9% slipped.

The fall in Credit Suisse bonds and shares suggests that “investors believe this bank needs to be bailed out,” said Joost Beaumont, head of banking research at Dutch lender ABN Amro.

“If regulators don’t handle Credit Suisse’s situation well, it will send shockwaves through the entire sector,” he said. “To make matters worse, both sides of the Atlantic have banking problems.”

The worsening of problems at Credit Suisse comes days after two major bank failures in the US, raising concerns that institutions at the heart of business and trade are grappling with the sharp rise in interest rates over the past year.

Credit Suisse has been repeatedly plagued by scandals and financial losses.


Jose Cendon/Bloomberg News

Credit Suisse bail-in bond prices, which will be destroyed if the bank gets into serious trouble, have fallen sharply. Bid prices for the 2027 bonds on Tradeweb slipped to 31 cents on the dollar from 72 cents the previous day. They were trading for nearly 90 cents earlier in the month.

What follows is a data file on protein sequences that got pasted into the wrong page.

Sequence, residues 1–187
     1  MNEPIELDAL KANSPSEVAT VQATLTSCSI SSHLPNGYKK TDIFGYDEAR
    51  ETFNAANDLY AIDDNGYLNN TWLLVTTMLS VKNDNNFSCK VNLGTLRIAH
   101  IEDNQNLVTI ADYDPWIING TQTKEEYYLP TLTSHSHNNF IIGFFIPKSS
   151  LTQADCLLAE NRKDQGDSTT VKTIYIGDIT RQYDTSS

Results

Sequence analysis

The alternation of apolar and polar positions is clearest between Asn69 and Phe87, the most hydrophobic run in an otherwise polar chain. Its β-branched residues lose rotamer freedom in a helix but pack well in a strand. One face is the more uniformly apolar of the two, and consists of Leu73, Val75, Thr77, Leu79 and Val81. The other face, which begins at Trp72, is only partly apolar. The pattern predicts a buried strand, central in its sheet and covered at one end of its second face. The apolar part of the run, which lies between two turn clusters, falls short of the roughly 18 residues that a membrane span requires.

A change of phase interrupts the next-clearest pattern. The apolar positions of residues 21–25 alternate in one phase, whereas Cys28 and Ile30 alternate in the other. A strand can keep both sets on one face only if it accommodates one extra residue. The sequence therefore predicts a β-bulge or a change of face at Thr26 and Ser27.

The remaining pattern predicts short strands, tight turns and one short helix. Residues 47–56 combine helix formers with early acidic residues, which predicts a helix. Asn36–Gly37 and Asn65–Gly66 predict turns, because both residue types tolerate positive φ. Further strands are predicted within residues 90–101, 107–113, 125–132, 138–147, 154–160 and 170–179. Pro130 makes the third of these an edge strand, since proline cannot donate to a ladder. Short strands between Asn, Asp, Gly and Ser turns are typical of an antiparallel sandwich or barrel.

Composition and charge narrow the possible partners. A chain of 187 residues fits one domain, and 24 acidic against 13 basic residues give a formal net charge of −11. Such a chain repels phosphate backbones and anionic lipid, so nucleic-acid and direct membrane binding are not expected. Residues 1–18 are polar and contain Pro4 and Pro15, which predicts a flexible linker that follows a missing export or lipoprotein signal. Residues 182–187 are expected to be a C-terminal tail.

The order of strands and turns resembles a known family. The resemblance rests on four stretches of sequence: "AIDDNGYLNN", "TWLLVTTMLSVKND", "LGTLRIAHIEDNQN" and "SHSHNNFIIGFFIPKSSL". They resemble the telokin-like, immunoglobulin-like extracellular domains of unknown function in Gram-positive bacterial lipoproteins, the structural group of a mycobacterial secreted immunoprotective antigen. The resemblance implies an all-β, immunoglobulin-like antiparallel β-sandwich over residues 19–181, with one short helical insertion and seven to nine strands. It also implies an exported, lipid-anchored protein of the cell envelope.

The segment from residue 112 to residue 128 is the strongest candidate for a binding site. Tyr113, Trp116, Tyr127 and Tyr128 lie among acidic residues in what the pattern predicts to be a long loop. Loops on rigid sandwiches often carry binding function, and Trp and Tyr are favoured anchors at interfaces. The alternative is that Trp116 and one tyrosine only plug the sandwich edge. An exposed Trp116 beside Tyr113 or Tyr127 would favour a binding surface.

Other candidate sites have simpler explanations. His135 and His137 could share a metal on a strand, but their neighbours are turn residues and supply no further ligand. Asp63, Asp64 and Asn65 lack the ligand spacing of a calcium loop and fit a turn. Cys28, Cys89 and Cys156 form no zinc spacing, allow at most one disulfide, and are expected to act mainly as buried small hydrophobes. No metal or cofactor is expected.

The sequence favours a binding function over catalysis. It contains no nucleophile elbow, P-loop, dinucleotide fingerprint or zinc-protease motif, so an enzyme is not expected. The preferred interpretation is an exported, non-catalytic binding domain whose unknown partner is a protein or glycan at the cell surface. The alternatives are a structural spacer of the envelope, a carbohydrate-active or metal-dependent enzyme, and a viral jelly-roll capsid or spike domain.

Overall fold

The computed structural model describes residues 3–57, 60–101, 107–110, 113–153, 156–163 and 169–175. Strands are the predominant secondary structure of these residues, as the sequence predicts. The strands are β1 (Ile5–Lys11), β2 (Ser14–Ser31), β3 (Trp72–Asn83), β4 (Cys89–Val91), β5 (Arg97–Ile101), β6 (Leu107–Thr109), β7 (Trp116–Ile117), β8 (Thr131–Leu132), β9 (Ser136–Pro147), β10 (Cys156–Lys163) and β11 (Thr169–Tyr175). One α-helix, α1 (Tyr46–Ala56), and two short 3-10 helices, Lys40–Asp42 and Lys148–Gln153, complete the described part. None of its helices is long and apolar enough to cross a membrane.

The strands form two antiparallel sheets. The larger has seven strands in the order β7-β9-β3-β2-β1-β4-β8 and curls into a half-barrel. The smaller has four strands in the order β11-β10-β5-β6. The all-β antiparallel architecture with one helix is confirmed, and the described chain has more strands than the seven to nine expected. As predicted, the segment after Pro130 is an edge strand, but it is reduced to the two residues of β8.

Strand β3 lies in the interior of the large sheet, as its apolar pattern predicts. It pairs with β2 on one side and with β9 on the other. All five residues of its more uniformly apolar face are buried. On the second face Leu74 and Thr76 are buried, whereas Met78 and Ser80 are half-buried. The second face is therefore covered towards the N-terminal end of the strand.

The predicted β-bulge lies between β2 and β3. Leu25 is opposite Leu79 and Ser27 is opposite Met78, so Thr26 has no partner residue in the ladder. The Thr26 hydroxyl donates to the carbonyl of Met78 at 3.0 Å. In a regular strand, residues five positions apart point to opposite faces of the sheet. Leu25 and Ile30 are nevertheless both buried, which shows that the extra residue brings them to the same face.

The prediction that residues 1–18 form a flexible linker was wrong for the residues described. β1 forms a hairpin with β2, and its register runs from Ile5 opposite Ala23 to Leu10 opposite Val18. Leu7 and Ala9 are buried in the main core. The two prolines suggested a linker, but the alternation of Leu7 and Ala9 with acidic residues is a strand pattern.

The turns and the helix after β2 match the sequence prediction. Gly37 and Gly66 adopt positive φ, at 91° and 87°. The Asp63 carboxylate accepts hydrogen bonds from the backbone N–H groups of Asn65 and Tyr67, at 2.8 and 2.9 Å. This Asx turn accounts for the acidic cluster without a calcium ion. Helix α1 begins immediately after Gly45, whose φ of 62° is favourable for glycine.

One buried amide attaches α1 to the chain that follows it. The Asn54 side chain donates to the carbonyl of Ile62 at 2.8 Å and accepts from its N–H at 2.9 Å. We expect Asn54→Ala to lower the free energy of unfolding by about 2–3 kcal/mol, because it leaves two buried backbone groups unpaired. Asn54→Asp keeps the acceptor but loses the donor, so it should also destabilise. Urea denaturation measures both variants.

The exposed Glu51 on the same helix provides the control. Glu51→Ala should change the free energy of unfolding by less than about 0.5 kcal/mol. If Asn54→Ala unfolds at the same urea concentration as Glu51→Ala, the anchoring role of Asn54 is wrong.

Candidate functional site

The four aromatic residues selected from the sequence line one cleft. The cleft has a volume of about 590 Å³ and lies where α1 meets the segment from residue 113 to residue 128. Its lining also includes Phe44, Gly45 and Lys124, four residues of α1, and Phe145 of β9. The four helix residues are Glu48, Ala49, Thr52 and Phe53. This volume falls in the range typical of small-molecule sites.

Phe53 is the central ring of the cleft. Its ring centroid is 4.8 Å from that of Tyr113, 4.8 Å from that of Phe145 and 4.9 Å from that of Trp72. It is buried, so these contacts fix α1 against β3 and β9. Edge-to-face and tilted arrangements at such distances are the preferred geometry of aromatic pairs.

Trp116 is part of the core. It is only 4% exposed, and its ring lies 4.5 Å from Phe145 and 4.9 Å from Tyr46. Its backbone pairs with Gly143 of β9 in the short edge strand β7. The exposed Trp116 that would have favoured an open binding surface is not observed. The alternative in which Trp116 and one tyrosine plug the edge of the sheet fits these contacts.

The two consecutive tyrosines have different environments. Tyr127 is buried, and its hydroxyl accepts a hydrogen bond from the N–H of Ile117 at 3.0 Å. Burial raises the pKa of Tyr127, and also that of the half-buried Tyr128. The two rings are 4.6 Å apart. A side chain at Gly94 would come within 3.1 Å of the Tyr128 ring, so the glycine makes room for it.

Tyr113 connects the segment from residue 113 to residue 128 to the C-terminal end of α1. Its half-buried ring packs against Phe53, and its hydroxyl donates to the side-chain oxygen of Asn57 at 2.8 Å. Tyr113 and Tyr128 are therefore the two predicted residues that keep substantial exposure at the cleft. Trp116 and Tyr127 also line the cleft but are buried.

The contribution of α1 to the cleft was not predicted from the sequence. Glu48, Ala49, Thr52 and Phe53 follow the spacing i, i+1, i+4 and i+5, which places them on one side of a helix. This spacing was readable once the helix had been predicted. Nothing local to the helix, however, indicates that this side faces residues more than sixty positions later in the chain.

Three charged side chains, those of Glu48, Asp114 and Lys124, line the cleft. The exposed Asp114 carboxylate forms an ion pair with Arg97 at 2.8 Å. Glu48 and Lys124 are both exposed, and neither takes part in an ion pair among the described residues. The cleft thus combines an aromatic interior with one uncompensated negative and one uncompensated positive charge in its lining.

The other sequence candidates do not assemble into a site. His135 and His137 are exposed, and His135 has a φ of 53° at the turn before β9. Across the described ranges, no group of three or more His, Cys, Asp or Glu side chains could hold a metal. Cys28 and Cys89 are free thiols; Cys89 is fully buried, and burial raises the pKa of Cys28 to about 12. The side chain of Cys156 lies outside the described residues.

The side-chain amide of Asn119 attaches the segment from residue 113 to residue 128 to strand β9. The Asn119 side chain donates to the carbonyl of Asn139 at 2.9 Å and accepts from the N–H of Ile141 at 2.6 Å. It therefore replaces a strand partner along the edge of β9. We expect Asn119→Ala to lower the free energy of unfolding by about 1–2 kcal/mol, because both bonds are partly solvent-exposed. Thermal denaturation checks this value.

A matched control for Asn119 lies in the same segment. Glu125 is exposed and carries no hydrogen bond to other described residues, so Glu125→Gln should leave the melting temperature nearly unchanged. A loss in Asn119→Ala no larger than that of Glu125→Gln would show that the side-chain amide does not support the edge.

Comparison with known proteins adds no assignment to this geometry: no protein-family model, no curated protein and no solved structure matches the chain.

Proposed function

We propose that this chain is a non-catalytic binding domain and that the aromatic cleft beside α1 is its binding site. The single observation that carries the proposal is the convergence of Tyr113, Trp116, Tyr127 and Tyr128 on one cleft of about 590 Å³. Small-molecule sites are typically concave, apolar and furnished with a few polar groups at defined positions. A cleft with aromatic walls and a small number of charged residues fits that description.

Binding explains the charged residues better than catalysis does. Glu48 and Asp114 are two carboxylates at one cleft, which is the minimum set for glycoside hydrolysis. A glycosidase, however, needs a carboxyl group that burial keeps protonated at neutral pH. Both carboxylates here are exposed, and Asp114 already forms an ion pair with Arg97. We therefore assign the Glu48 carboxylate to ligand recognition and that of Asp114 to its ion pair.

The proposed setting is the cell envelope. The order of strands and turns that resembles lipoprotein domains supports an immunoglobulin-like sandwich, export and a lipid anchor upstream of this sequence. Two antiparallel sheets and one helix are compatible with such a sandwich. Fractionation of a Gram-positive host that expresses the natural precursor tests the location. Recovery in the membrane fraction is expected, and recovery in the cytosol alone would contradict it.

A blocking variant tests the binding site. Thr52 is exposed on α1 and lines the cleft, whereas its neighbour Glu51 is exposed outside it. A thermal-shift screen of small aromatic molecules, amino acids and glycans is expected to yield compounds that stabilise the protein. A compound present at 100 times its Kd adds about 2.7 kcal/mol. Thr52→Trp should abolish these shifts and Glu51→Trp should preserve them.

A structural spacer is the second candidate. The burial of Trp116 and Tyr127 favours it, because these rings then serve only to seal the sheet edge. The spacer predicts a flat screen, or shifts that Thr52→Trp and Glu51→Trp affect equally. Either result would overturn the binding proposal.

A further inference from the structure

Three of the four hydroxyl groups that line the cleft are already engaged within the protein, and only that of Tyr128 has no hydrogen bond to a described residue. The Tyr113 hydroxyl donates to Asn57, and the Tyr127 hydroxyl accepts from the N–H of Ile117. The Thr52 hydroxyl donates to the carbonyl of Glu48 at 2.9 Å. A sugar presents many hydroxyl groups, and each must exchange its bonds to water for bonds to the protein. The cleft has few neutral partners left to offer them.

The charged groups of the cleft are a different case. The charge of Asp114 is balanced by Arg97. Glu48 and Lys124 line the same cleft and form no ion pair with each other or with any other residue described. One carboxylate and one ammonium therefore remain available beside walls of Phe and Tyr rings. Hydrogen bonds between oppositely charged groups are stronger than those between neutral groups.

Credit Suisse has been the problem child of European banking for several years. Repeated scandals and financial losses have hit the 166-year-old bank, which combines a wealth management firm serving the world’s wealthy elite with a Wall Street investment bank.

The lender has gone through executives and repeatedly tried to stabilize its reputation with investors. A $4 billion share sale in the fall that attracted well-funded Middle Eastern investors gave the bank more time to put its situation in order. Still, it has faced an exodus of customer withdrawals.